Such is the case with our brain cells. The neural wiring of our brains is so complex that most of the brain is used for most of our thinking, so as with the herd of stampeding beasts, the brain only functions as fast as the slowest of our brain cells. The best thing to improve our thinking, therefore, is to ruthlessly cull those slow brain cells - which is exactly what alcohol does for us!

Now, I first heard that story in a bar some years, and as we know stories confided in such a place are invariably found to be true - right? To make sure, I've subjected the theory to a great deal of empirical research since, research that has proved the theory's soundness - to me at least. But don't just take my word for it: today on Scoop comes news of research from impeccable sources backing it up.

I look forward to the new Government health campaign: Sharpen up: Drink more!

NEXT WEEK: How beer built civilisation.
Tags: Economics Education

Stop taxing families

It's truly a hold-the-phone day when a National Party press release is found to be talking sense, but that day is now here.

Judith Collins points out today that the Labour Government's Working for Families package is an election bribe paid being paid for with voters' own money, and furthermore it's a bribe that is damaging to both families and the economy. She's a little less succinct than that of course, but that's her essential point and one with which I can only agree.

Stop stealing from people and give then their money back, she (almost) says - unusual stuff from a National Party who was once pretty good at election bribes themselves: "Keeping families functioning and healthy is a tough business," she correctly concludes. "It is certainly too tough for a bunch of politically correct 'experts.' I say, give the money back to the families that are functioning, looking after their own children, paying their way and raising responsible adults."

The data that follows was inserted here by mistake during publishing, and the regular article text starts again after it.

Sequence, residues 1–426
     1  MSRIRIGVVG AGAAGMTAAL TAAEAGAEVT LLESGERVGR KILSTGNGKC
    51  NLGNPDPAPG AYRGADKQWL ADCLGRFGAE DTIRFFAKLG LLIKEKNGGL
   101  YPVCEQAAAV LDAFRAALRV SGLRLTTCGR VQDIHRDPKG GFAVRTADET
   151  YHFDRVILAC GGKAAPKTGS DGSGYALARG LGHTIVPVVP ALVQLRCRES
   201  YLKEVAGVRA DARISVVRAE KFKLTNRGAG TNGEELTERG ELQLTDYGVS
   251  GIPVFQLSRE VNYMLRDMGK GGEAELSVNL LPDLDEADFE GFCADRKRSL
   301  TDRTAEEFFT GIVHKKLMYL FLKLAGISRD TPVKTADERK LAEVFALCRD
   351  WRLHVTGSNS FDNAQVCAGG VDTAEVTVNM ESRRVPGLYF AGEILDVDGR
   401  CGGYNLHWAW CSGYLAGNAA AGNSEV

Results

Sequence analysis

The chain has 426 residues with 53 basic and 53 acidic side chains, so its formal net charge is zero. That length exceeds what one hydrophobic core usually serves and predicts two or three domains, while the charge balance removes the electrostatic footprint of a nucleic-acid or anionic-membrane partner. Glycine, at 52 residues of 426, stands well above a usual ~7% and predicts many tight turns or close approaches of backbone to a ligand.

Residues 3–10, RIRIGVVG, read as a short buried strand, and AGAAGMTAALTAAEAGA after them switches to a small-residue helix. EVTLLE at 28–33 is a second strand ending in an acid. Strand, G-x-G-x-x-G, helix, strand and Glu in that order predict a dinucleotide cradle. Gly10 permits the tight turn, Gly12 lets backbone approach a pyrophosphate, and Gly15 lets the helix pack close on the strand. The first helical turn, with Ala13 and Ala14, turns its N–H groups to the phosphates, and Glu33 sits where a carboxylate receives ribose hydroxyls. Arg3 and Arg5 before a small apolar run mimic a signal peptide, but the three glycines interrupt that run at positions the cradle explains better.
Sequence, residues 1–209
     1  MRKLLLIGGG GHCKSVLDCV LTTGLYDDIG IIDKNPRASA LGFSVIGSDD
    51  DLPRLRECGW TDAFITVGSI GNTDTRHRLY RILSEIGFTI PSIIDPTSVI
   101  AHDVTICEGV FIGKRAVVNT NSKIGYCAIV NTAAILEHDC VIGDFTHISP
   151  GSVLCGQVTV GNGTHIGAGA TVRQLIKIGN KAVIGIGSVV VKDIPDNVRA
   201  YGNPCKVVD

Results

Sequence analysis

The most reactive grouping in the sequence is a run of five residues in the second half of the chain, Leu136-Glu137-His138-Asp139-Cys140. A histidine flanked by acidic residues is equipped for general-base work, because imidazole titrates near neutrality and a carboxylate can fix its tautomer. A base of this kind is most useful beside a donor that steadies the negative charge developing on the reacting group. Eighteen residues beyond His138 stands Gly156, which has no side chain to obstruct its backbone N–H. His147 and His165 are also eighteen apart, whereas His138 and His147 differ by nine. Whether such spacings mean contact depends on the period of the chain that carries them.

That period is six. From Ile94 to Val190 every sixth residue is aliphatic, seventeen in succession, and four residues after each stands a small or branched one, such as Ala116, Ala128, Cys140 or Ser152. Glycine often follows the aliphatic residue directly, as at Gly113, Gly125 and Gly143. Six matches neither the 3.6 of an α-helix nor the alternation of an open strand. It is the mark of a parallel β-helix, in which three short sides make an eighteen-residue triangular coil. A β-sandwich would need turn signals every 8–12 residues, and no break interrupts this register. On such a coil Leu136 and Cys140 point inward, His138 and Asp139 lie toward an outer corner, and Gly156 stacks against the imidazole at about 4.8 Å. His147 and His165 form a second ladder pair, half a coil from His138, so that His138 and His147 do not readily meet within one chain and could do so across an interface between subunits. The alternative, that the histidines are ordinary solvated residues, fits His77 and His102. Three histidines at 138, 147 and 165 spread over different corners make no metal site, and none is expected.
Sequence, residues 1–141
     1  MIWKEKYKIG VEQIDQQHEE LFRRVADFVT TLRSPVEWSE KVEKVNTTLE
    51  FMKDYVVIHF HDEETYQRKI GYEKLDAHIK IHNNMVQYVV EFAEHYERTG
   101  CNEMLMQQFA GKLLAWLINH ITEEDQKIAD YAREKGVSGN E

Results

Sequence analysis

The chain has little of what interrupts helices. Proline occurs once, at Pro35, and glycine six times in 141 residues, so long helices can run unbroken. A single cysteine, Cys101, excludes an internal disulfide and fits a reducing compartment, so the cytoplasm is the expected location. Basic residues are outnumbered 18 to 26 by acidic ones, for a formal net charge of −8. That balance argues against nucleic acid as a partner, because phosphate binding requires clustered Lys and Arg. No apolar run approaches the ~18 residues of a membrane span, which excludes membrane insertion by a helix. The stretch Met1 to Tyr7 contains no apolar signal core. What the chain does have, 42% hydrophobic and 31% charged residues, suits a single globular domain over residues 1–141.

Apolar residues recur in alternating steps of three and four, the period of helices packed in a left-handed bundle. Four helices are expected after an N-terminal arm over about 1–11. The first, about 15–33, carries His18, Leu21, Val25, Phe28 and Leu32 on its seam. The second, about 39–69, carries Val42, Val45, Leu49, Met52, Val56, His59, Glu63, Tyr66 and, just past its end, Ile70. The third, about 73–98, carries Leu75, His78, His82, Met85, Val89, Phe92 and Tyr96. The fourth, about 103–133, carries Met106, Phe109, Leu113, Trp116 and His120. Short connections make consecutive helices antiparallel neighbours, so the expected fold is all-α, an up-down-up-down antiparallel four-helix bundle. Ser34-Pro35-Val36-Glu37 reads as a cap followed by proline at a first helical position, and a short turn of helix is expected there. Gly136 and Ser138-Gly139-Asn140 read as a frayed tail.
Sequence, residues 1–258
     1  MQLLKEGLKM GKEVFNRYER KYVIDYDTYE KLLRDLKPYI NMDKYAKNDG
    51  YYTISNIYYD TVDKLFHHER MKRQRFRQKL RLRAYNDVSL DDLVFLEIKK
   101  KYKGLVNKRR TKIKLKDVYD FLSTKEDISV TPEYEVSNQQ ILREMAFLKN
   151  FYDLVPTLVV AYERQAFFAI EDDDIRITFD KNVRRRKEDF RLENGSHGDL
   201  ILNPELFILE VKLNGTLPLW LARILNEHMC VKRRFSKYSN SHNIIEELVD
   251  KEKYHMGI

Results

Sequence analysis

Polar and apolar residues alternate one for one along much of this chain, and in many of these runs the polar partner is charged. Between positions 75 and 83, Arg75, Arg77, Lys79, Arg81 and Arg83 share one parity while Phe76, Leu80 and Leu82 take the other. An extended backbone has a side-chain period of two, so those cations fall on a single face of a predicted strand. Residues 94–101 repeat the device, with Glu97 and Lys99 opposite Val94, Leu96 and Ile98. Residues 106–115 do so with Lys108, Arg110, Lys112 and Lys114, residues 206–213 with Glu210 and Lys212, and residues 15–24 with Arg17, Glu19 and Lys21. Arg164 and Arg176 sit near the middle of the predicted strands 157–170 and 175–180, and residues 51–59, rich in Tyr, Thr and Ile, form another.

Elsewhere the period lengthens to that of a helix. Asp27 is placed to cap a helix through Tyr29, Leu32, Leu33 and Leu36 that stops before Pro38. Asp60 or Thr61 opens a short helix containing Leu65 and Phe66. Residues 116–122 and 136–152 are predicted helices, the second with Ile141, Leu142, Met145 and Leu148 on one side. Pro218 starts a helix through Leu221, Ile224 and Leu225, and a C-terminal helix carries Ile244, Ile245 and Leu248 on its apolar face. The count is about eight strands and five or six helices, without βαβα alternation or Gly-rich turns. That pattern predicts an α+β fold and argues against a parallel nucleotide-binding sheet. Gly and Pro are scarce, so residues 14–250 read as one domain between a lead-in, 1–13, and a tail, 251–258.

Quite right. The only thing I might add to this is that all the money stolen from them by government should be given back, not just the billions wasted on the Families Commission and on turning the middle classes into welfare beneficiaries.

In this respect I invite Ms Collins and her readers to reflect that when the total tax-take is getting on for 47% of the country's GDP, then one parent from each working family is going out to work just to pay that family's tax bill.

If Ms Collins or Mr Maharey really would like to build stronger families, then perhaps they might consider advocating stealing from them a lot less. If taxes were just a fraction of what they are now, then both parents going out to work would be a choice for families to make for themselves, and not a necessity.
Tags: Economics Education

Q&A: Why are Libertarians for genetically modified food?

In response to yesterday's Celebration of Ten Years of Commercial GE here at Not PC, Lucyna asks on the Sir Humphrey blog: "Why are Libertarians for genetically modified food?" A fair question.

It's true that many libertarians (small 'l') are in favour of capitalism, technology and genetically modified food, but as a political party Libertarianz (big 'l' and an 'NZ' on the end) is neither for nor against GE. What Libertarianz is for is laws protecting against force and fraud. What we are against is busybody politicians inflicting force and fraud on us. In this respect, under 'Force and Fraud' and 'Busybody Politicians' please see 'The GE Debate,' particularly under Fitzsimplesimons, Jeanette and Hager, Nicky.

The Libertarianz position is that the issue of GE food is not one for politicians who know nothing - who should butt out - but for scientists, consumers, farmers, manufacturers and the like; the only political issue is a legal one, that there should be laws that protect against fraudulent labelling and objectively proven damages. I answered the particular question about legal protection some years ago here, and gave a speech to students on the subject some more years ago here. (Dates have been changed on the hosting site for some reason; these two were delivered some three to five years ago as I recall.)

The Royal Commission made a similar point in its report when discussing common law. In fact, the Royal Commission went much further than this:
"Technology is integral to the advancement of the world [they said]. Fire, the wheel, steam power, electricity, radio transmission, air and space travel, nuclear power, the microchip, DNA: the human race has ever been on the cusp of innovation. Currently, biotechnology is the new frontier. Continuation of research is critical to New Zealand's future." 

Not my words, or those of Ayn Rand, but those of the Royal Commission on Genetic Modification, which I would be proud to have written. The Commission adds, "As in the past we should go forward but with care." And as Lindsay Perigo clarified at the time: "The only "care" that needs to be exercised here is that at no stage are the rights to life, liberty & property violated. Otherwise, I say to the geneticists, tamper away - from your work will come more & better food, new medicines, & the unlocking of more of life's secrets. I hope you make bucket-loads of money from it."